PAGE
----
The year 2020 will always be remembered as the year when everything lurched to a sudden halt for everyone. We all remember the arrival of COVID-19. First, the NBA canceled games. That was the first noticeable sign. Then so many other daily activities normally taken for granted fell like dominoes. Many states imposed orders to limit person-to-person exposure, affecting every aspect of daily life.
This happened in March 2020 — right in the middle of nursery shipping season. It was expected to be a complete disaster for nurseries.
Except that’s not what happened.
After only brief pauses, nurseries got right back to business shipping product, but a funny thing happened as the season went on. They kept shipping. And shipping. And shipping.
People stuck at home wanted plants. Gardening was something they could still do, and they rediscovered their love affair with working in the soil. Nurseries were more than happy to reciprocate. They did everything they could to give the people what they wanted.
Behind the scenes, nursery leaders worked very hard to ensure continued market and shipping access for nurseries and their delivery trucks, and the leading nursery state of Oregon was a national leader in facilitating that conversation.
When Oregon’s agricultural sales figures by commodity for 2020 were released this past October, it wasn’t surprising to see nurseries at the top of the list again. Nursery and greenhouse products are nearly always the state’s top commodity, ahead of cattle, wheat and everything else. But the figure this time was eye-catching — nurseries and greenhouses in the state had racked up $1.2 billion in sales. It was an all-time record.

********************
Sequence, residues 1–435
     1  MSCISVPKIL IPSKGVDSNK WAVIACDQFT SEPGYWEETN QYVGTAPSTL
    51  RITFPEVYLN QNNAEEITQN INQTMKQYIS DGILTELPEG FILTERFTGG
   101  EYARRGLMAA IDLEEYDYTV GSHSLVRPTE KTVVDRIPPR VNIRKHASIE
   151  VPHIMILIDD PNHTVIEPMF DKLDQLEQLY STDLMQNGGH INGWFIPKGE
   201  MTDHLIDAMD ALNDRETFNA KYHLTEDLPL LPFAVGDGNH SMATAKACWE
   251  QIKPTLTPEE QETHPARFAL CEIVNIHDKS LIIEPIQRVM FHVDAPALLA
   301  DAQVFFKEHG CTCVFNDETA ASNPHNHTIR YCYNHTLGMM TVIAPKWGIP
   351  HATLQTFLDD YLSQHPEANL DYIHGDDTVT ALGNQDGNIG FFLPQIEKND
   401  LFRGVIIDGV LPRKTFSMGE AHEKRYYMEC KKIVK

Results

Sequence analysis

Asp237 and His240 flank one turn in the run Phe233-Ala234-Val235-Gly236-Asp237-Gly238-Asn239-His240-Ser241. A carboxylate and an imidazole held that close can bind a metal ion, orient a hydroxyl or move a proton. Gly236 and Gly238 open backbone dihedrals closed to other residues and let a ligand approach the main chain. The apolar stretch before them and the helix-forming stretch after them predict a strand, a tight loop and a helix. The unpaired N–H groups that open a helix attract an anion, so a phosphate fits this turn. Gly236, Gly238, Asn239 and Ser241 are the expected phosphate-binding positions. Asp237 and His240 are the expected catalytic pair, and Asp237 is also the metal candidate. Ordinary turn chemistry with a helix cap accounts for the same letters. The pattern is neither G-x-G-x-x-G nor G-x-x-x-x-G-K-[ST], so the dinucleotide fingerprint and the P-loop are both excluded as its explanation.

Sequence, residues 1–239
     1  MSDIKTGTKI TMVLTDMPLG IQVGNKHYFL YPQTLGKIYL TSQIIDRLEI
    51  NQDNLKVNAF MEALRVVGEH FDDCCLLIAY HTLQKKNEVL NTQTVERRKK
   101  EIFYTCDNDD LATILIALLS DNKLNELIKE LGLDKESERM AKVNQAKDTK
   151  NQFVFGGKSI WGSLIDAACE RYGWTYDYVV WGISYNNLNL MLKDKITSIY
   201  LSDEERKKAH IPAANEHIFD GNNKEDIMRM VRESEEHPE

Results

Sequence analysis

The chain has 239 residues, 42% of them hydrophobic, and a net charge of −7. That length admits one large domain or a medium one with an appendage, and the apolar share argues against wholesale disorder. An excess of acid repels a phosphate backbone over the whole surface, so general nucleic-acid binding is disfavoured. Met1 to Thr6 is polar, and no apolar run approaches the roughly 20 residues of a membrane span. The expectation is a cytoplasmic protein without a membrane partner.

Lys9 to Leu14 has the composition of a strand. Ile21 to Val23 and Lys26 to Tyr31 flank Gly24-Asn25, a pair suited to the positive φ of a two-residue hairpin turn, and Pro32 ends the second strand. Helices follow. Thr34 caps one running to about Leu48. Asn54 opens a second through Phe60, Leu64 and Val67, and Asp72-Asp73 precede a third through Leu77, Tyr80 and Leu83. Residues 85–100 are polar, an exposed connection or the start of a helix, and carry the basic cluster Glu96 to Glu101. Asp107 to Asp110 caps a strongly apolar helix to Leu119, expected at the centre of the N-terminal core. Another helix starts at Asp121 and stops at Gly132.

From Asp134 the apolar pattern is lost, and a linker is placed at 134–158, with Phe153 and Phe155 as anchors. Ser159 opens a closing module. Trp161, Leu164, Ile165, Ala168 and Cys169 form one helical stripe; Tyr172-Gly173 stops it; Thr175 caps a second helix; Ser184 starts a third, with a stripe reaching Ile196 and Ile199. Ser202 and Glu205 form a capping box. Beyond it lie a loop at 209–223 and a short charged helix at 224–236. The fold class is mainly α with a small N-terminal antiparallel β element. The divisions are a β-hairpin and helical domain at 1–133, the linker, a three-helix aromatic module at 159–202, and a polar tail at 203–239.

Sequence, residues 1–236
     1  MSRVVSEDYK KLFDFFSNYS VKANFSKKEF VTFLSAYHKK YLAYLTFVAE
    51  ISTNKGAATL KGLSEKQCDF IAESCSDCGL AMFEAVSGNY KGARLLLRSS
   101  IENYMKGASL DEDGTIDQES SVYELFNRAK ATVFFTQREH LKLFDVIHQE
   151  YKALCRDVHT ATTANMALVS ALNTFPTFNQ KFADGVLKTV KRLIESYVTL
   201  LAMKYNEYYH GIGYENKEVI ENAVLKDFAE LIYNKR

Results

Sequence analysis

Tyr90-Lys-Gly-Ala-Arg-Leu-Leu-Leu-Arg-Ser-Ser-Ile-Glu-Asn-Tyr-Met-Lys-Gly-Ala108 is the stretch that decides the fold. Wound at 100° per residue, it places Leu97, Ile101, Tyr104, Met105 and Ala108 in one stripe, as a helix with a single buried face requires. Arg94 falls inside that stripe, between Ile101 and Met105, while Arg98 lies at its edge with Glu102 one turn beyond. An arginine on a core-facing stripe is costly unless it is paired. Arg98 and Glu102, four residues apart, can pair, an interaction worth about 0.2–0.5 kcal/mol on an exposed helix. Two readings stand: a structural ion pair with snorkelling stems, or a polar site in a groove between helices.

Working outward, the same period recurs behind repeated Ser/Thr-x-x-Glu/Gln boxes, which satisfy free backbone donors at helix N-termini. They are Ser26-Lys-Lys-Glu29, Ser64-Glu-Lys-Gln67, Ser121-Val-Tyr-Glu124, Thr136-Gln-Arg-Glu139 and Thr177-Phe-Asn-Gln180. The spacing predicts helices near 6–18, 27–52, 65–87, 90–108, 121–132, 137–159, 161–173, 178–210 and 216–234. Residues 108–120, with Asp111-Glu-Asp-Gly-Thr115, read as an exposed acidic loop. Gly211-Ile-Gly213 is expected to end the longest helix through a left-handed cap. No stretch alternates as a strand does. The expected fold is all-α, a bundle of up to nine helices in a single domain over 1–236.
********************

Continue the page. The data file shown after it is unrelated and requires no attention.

The most recent USDA Census of Horticultural Specialties, based on data gathered in 2019, shows Oregon to be the No. 3 state in nursery stock sold, behind the much larger states of California and Florida, but it is No. 1 in several key categories. These include deciduous shade trees, deciduous flowering trees and coniferous evergreens. Oregon is No. 2 in fruit and nut plants and No. 3 in broadleaf evergreens, deciduous shrubs, ornamental grasses, bareroot herbaceous perennial plants, cacti/succulents, and a category called “other woody ornamentals and vines.” Now that’s some variety.
If it’s a nursery or greenhouse product, you name it, it is likely grown in Oregon, and probably in considerable quantity.
Certain plants are favorites. Plants selling more than $10 million worth out of Oregon include boxwoods, rhododendrons, spruces, arborvitaes, junipers, pines, Japanese maples, red maples, maple (other) and hydrangeas.
The plants that Oregon is No. 1 in are many. Boxwoods, Rhododendron, Pieris, cotoneaster, spruce, arborvitae, cedar, fir, hydrangea, barberry, spirea, lilac, weigela, peony, lupine and columbine are some of these.
Most of the material comes from a five-county area surrounding Portland and Salem, in the Willamette Valley. Growers enjoy a long growing season, a mild climate, winter dormancy to help woody material, a dependable (but threatened) water supply, and some of the world’s best topsoil, and this environment has not only nutured great plants, but the outstanding growers who send them to market.
In this, the annual Oregon Nursery Country issue of Digger, we’ll meet some of those growers and learn about the perseverance that has helped them excel. As always, the variety of plants that Oregon offers is shown in these pages. You’ll find all the plants on NurseryGuide.com. Just do a search there by common or botanical name, and you’ll see who grows it. Enjoy your journey with us into Nursery Country.